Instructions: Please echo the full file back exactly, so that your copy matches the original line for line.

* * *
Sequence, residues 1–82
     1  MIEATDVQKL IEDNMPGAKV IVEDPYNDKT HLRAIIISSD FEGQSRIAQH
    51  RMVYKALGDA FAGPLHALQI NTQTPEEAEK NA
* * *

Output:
Sequence, residues 1–82
     1  MIEATDVQKL IEDNMPGAKV IVEDPYNDKT HLRAIIISSD FEGQSRIAQH
    51  RMVYKALGDA FAGPLHALQI NTQTPEEAEK NA